free web hit counter Overview of the book of Esther


Title & Time Period

The Book of Esther is named after one of its central figures, a Jewish orphan girl living in the capital city of the Persian empire, whose Hebrew name was Hadassah. Similar to Daniel and his friends, Hadassah was given the Persian name Esther, by which she is best known to readers of the Old Testament. In the Hebrew Bible, the Book of Esther appears as the last book of the last section, among what is called the Megilloth (Five Scrolls), and it is considered by many Jews to be very important in the history of their people.

The events of the book took place at the Persian capital city of Susa during the reign of Ahasuerus: “Now it came to pass in the days of Ahasuerus (this was the Ahasuerus who reigned over one hundred and twenty-seven provinces, from India to Ethiopia)” (Esther 1:1). The title Ahasuerus is a general one, the Hebrew equivalent to the Greek word Xerxes, and because of this there has been some debate as to which of the Persian kings is the Ahasuerus of the Book of Esther. Most commonly, the Ahasuerus of Esther is taken to be Xerxes who ruled Persia from 486-465 B.C.

The Holy Writer & Time of Writing

The Book of Esther does not indicate who the holy writer was. While the identity of the writer is unknown, it is apparent from the book that the writer was an eyewitness of the events which are depicted in the book. There is a large amount of detail given to decorations in the king’s palace (1:5-7); there is mention of certain Persian customs of the day (1:13; 2:12), and to the governing bodies throughout the Persian kingdom (3:12; 8:9); and reference is given to Persian court records (2:23; 6:1; 10:2). Some have pointed to Mordecai as the writer based on 9:20, “And Mordecai wrote these things...”, but that is by no means conclusive, and is once again a reminder to us that knowledge of who the writer was is not necessary.


The Book opens with king Ahasuerus giving a banquet to display the greatness of his wealth and kingdom. During this banquet the king asks the queen to display herself for his guests. When she refuses, the king’s advisors suggest that she be replaced. A “beauty contest” is then held to determine who the next queen would be. Esther, a foster child of Mordecai wins the favor of the king and is crowned queen. During this time Mordecai discovers a plot against the king’s life and reports it so that the king’s life is spared.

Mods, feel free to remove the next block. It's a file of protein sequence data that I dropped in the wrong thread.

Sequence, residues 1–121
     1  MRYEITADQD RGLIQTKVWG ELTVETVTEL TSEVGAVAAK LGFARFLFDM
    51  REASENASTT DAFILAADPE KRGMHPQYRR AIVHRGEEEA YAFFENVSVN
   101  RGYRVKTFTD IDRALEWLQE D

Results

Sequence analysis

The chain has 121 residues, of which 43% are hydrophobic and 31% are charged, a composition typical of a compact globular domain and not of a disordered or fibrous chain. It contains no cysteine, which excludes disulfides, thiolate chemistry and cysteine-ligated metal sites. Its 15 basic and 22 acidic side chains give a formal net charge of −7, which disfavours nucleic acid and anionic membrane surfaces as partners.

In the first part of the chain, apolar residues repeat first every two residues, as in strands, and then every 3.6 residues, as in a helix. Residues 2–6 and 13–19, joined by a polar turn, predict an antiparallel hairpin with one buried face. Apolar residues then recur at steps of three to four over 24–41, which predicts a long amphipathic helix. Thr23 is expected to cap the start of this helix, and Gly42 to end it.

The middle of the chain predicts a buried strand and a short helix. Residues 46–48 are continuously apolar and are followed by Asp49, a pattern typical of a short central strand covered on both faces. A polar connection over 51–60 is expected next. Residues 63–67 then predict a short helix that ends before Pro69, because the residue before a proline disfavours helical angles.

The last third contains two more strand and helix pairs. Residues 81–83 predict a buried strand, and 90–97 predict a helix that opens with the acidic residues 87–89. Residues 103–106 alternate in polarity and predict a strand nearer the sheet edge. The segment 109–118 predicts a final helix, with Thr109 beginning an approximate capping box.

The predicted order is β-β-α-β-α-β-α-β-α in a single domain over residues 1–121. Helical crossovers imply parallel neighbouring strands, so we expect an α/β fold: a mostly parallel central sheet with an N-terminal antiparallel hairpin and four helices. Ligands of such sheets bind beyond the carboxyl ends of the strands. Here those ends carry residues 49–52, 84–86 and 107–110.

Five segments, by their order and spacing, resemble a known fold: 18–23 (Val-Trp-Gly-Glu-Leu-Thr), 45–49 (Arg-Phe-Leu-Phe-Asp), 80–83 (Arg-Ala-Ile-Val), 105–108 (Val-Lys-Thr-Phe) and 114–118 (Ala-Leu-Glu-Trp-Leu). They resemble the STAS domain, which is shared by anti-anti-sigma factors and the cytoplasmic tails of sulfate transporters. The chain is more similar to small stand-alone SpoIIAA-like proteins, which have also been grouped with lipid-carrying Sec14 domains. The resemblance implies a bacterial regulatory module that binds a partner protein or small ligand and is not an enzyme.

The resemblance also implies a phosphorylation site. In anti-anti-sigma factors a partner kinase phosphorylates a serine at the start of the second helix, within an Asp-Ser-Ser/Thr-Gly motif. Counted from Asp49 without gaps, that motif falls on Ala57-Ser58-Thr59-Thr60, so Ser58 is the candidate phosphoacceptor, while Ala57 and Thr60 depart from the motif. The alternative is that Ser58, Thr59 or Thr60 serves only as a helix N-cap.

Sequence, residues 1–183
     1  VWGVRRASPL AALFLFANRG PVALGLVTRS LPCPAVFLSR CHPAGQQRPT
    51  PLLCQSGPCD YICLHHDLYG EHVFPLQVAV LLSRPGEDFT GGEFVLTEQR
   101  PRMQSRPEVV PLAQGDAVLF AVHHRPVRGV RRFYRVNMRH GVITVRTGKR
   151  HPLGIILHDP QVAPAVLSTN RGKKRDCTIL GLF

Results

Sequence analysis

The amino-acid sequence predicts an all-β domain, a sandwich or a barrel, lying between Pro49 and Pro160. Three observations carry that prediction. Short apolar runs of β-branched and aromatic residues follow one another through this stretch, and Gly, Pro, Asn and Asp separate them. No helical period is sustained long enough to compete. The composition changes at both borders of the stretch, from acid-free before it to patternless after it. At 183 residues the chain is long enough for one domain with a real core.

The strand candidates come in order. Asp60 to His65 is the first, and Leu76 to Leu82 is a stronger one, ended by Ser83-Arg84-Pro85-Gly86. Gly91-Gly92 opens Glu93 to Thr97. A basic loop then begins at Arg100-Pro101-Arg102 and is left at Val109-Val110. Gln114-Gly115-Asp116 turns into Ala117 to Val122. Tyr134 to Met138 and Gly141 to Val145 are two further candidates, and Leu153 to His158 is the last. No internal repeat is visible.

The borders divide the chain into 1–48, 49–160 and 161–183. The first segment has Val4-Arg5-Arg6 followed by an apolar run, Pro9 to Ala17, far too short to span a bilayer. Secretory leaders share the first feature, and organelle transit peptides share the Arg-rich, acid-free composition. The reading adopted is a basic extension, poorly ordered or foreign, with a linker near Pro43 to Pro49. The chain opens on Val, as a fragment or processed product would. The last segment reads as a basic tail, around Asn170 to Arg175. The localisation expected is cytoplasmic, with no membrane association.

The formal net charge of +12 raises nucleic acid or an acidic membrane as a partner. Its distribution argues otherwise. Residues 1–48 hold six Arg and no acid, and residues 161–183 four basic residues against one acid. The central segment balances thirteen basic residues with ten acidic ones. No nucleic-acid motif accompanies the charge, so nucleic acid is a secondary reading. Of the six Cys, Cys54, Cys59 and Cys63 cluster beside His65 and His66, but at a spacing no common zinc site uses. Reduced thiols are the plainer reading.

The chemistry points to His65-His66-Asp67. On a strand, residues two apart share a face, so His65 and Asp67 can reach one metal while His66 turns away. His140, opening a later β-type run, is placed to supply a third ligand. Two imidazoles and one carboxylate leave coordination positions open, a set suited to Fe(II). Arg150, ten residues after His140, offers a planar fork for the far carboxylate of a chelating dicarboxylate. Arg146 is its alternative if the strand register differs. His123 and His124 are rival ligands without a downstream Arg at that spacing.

Later, a man named Haman is elevated to a high position in the kingdom, but Mordecai refuses to bow to him. When Haman finds out Mordecai is a Jew, he plots to have all the Jews killed, and talks the king into allowing it. Mordecai persuades Esther to come to the aid of her people. Esther risks her life by going to the king uninvited, and there invites the king and Haman to a banquet. At the banquet Esther pleads for her people and reveals that it is her people that Haman has plotted to destroy. The king is so upset the he has Haman hung on the same gallows that Haman had built to hang Mordecai on.

Since the law of the Persians and Medes could not be revoked, the king issued a new law permitting the Jews to defend themselves against those who would try to harm them. Following this day, the feast of Purim is established to celebrate the deliverance of the Jews. Mordecai is exalted to the highest ranking official in Persia, second only to the king himself.


In the Book of Esther we learn how God used a young woman to save her people from destruction. In this way God preserved His people so that they could return to the promised land and await the birth of the Savior of the world. This book records how the Feast of Purim, a feast which is still celebrated by Jews today, came to be observed. More importantly for Christians today, it also serves to remind us of the providence of the LORD as He watches over and controls History for the welfare of His people and in the interest of the salvation of souls.

As you read through the book of Esther, you may notice that the name of God is never mentioned in the book. This has caused many people (Jews and Gentiles alike) to question the authenticity of the book. Many additions were put into the book of Esther over the years with the intent of making it look more religious in nature. These later additions can still be found in Roman Catholic versions of the Bible and in the Apocrypha. Yet the hand of the LORD is clearly seen throughout the book, directing the course of events to save His people.

The words of Mordecai to Esther have been used as the theme of the book, “For if you remain completely silent at this time, relief and deliverance will arise for the Jews from another place, but you and your father’s house will perish. Yet who knows whether you have come to the kingdom for such a time as this?” (4:14). The Book of Esther is so meaningful to us today because it reminds us that God also works among us at this time in history.

Many Christians can relate to the way God worked in the Book of Esther, because it is similar to how He works among us today. While many of the Old Testament books demonstrate God’s power through a pillar of fire or various miracles through His servants, here He shows how He works silently through common believers as well. Today God works much the same way, silently through us as individuals. But the power and the result is the same. God continues to work through His people and bring about His will for His people, regardless of the current political situation at the time, fulfilling His promise that “all things work together for good to those who love God, to those who are the called according to His purpose” (Romans 8:28).


I. The LORD placed Esther in the Persian Court to Serve. (1-4)

II. The LORD placed Esther in the Persian Court to Save. (5-10)

Note: This study was prepared for the Bible Class at Zion Lutheran Church, Lawrenceville, GA by Pastor Nathanael Mayhew